Karzmer: Tiger’s back! (But what about The Masters?)

For those of you who can’t get enough golf, last weekend was a good one. The Players Championship has golf’s most rewarding payout in terms of money and is played on the course with the most exciting finishing stretch in the world (unless you’re Sergio Garcia).

And Tiger Woods is officially back:

Fourth victory.

Working the ball both ways ...

Putting well again.

Unquestionably the number one golfer in the world.

So why do I have a sour taste in my mouth from his play over the last month?

Here’s the deal — golf has always been the world’s most “gentlemanly” game. Golfers police themselves. When Bobby Jones was praised for calling a penalty on himself in a U.S. Open for an infraction that no one else saw, his quote was along the lines of, “You may as well praise a man for not robbing a bank.”

Golfers follow the rules.

Because that’s what golf is all about.

By this point, you know what I’m talking about. In round two at The Masters last month, Tiger got a terrible break when an approach shot flew directly into the flag stick and ricocheted back into the water. He then took a drop.

The next day, he was made aware of a possible rules violation. After all agreed there was an infraction, he was assessed a two-shot penalty.

And this is where the golf world went flat out nuts.

Nick Faldo and Brandell Chamblee said on The Golf Channel that Tiger should unequivocally withdraw.

Because golfers follow the rules.

At first, I agreed. Tiger broke a rule. He signed an incorrect card. He should be disqualified.

But here’s the problem. The Masters’ officials were aware of the incident prior to him signing his card from round two. But rather than approach Tiger directly and ask about the drop he took, they deemed that the drop was acceptable prior to ever talking to him.

The Rules Committee saw a possible infraction, investigated it and then ruled there was no infraction. OK, in my mind, at this point, the ordeal is over.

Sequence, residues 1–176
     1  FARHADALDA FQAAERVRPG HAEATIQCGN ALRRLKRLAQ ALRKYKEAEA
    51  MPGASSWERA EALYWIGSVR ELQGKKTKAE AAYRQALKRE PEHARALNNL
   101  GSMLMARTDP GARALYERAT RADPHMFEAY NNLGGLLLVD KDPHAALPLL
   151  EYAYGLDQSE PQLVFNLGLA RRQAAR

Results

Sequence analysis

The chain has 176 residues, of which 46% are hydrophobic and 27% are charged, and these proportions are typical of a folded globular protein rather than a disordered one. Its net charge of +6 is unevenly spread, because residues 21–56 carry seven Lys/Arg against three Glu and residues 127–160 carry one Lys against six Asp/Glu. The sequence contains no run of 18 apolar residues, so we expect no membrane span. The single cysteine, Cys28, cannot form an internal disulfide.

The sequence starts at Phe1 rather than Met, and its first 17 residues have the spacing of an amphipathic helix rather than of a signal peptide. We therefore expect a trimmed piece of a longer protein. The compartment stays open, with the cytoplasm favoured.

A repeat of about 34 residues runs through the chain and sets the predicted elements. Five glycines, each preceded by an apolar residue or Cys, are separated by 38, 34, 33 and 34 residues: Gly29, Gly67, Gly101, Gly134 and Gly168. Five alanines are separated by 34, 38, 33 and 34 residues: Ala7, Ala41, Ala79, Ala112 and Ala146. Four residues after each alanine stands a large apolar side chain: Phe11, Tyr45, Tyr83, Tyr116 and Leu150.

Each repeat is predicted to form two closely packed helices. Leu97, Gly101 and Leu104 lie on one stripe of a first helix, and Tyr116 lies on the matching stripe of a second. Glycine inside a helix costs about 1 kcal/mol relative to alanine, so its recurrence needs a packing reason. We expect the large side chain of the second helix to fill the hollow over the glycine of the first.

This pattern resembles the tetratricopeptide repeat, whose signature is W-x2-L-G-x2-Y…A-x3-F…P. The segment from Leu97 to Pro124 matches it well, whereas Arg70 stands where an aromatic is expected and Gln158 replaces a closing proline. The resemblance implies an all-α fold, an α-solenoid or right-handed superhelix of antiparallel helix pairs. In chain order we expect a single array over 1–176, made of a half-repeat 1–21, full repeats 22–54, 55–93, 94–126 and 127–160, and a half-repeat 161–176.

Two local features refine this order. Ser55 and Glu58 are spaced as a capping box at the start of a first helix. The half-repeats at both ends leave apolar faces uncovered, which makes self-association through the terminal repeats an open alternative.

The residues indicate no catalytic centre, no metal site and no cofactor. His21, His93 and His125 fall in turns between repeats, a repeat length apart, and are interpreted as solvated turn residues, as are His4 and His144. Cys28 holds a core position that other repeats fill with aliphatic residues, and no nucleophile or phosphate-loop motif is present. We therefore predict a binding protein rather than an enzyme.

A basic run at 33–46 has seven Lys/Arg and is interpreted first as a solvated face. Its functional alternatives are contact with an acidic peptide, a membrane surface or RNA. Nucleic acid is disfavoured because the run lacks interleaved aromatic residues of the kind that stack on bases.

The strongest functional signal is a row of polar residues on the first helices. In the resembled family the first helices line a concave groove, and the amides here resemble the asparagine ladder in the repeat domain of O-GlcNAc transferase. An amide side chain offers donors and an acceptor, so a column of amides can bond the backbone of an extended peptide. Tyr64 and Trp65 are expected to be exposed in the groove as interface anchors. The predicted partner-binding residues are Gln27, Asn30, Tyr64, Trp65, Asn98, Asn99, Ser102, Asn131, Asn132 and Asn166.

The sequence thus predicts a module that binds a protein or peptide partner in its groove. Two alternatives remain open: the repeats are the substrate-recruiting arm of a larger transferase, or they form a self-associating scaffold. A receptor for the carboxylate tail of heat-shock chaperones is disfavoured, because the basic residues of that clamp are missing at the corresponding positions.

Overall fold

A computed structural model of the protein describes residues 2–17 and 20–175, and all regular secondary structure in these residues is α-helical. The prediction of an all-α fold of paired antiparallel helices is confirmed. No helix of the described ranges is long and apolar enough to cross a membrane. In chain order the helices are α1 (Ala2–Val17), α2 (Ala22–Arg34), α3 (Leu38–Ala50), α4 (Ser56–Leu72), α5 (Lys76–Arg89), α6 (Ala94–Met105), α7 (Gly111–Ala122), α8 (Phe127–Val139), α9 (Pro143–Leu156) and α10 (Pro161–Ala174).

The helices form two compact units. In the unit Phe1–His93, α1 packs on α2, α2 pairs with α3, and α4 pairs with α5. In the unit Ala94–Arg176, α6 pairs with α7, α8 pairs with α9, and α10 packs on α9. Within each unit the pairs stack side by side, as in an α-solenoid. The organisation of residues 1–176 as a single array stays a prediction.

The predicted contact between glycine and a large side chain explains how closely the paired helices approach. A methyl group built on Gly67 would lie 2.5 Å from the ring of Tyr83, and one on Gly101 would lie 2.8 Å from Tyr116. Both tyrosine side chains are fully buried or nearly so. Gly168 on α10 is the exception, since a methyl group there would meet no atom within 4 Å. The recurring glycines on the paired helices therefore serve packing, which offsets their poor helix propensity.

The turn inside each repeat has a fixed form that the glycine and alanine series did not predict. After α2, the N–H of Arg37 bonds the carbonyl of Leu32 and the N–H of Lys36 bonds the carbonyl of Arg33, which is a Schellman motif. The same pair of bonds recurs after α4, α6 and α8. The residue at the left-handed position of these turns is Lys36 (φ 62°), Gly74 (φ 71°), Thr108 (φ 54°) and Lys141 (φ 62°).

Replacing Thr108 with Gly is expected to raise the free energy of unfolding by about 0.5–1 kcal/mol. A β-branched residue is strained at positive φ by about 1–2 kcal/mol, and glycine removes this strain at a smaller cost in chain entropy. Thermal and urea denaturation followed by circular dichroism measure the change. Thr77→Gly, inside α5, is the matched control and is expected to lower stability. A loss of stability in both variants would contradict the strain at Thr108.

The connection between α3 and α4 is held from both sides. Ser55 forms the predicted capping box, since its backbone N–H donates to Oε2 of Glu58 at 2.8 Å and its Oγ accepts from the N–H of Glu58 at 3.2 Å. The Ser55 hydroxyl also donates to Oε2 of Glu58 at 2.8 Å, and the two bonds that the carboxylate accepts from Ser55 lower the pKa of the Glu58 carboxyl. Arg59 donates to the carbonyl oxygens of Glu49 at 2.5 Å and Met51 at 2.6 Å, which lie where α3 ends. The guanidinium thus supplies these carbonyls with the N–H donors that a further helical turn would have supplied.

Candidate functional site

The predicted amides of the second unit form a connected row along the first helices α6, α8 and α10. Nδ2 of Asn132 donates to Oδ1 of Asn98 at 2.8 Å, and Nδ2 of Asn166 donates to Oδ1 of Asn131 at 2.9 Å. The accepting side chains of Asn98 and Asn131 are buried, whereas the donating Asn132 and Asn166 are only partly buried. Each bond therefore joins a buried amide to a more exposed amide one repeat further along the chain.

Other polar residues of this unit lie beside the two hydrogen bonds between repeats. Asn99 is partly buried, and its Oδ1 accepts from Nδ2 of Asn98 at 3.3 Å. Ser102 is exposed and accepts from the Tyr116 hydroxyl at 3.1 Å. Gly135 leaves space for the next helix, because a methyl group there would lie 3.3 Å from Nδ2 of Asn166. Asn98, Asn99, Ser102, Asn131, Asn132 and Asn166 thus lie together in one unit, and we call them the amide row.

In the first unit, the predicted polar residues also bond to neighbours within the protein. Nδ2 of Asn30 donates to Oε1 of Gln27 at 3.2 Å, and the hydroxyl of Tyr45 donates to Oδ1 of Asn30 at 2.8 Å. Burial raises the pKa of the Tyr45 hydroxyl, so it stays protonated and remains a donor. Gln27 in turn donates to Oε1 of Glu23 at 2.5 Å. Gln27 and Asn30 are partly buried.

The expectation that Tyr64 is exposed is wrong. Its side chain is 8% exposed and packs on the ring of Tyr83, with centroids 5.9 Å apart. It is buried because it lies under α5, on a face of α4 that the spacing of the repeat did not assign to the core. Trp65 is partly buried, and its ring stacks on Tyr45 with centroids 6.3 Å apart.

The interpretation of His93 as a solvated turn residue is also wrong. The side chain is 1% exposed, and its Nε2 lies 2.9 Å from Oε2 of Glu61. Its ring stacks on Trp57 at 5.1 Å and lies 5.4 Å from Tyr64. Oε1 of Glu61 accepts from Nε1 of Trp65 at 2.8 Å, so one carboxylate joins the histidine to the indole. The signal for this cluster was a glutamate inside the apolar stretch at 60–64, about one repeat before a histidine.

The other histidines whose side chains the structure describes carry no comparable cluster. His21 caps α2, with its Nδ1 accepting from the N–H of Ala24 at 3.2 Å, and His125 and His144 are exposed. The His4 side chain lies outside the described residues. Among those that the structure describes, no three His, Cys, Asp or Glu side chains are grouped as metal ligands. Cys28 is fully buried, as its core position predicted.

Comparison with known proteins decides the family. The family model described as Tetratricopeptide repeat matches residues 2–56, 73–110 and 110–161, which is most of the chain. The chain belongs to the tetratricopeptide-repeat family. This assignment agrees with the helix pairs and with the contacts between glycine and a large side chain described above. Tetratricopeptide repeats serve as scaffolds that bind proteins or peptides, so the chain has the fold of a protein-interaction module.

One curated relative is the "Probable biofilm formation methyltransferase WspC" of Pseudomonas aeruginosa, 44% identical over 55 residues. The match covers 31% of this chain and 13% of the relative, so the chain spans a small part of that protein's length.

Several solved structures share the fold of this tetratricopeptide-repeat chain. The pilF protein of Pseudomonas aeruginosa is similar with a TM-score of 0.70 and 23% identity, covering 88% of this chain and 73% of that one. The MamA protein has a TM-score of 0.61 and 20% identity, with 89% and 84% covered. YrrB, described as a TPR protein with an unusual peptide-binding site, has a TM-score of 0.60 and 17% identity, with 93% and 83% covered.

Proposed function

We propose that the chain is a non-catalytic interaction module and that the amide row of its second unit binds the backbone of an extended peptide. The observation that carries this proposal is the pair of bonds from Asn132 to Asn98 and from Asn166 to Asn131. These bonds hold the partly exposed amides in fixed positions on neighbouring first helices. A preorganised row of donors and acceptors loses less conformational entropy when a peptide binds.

But then came the interview. After the decision was made, Tiger gave a live interview on CBS and, when describing the drop, made a statement that then turned out to prove he inadvertently took an illegal drop.

So now what? Well, the old rule was simple. If you signed a card for less than what it should have been, you’re disqualified.

The old rule. That’s right, there’s now a new rule that, without debating the intent of the rule, allows a committee to impose a two-stroke penalty in lieu of a DQ.

So now the questions.

“Basic” question: Did Tiger break a rule (the drop)? Yes.

“Next” question: Was Tiger penalized in accordance with that rule? Yes.

“But” question: Could the committee have prevented this by having one simple conversation before Tiger signed his card? Yes.

“So” question: Is it really Tiger’s responsibility to identify an infraction even though he didn’t know it occurred and then enforce a rule that is no longer the governing rule? I honestly don’t think it is.

“Final” question: So why do I still feel like something “not right” happened? I don’t know.

Maybe there is no right answer. All I’ll say is, had he won that tournament, his major victory tally would have gone from 14 to 15.

And then there was the drop he took on 14 last Sunday.

As always, thanks for reading. And until next week, “Hit ‘em straight!”

Jonah Karzmer is a former Valley Golf Professional who authors a Sunday golf column for The Vindicator. In his spare time, he sells commercial insurance for Huntington Insurance and loves getting feedback on his weekly columns via email at Jonah.karzmer@huntington.com

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